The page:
|Schwartz and Tajbakhsh
|Mixed-Income Housing: Unanswered Questions
|Coulton, Theodos, and Turner
|Residential Mobility and Neighborhood Change: Real Neighborhoods Under the Microscope
|Nelson, Ehrenfeucht, and Laska
|Planning, Plans, and People: Professional Expertise, Local Knowledge, and Governmental Action in Post-Hurricane Katrina New Orleans
|Community Empowerment Strategies: The Limits and Potential of Community Organizing in Urban Neighborhoods
|Technology and Cities
|Spatially Targeted Economic Development Strategies: Do They Work?
|Rondinelli, Johnson, and Kasarda
|The Changing Forces of Urban Economic Development: Globalization and City Competitiveness in the 21st Century
|The Importance of the Central City to the Regional and National Economy: A Review of the Arguments and Empirical Evidence
|Developing a Framework for Understanding University-Community Partnerships
|Teitz and Chapple
|The Causes of Inner-City Poverty: Eight Hypotheses in Search of Reality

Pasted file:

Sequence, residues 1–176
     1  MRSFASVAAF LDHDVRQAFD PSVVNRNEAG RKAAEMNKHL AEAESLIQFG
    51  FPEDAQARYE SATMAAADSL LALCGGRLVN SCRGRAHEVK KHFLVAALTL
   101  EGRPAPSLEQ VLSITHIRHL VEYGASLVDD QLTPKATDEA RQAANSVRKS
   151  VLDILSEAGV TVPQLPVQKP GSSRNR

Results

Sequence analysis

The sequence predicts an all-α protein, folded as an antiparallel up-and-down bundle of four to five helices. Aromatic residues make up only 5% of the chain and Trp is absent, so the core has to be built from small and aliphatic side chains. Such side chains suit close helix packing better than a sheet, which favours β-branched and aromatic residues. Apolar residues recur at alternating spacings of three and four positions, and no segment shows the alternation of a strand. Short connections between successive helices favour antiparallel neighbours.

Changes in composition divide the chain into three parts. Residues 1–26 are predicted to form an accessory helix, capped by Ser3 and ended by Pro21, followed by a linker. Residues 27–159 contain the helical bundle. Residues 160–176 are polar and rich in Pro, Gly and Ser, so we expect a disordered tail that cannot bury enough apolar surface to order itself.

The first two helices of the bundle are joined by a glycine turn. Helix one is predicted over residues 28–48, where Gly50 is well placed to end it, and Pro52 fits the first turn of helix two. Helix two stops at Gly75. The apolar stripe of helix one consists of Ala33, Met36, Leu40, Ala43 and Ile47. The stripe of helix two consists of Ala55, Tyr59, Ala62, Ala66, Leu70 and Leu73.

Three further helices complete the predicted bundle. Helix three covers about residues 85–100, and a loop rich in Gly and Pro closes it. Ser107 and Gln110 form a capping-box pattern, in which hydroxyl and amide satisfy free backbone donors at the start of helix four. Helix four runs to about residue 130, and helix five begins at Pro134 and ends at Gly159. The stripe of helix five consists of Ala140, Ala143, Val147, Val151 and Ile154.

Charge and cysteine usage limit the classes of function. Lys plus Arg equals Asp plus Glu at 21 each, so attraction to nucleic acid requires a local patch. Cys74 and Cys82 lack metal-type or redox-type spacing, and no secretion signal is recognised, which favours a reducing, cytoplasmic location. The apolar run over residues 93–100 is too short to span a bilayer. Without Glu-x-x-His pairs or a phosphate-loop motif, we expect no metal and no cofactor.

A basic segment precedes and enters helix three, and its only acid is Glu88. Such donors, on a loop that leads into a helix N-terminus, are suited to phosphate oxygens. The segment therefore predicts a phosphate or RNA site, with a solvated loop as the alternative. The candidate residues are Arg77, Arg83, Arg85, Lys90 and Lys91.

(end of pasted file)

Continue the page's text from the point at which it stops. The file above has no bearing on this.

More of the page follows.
|Hwang and Lin
|What Have We Learned About the Causes of Recent Gentrification?
|Better Neighborhoods, Better Outcomes? Explaining Relocation Outcomes in HOPE VI
|Technological Change and Cities
|Moving Toward a Shrinking Cities Metric: Analyzing Land Use Changes Associated With Depopulation in Flint, Michigan
|Evaluating University-Community Partnerships: An Examination of the Evolution of Questions and Approaches
|Herbert and Belsky
|The Homeownership Experience of Low-Income and Minority Households: A Review and Synthesis of the Literature
|Disaster Recovery and Community Renewal: Housing Approaches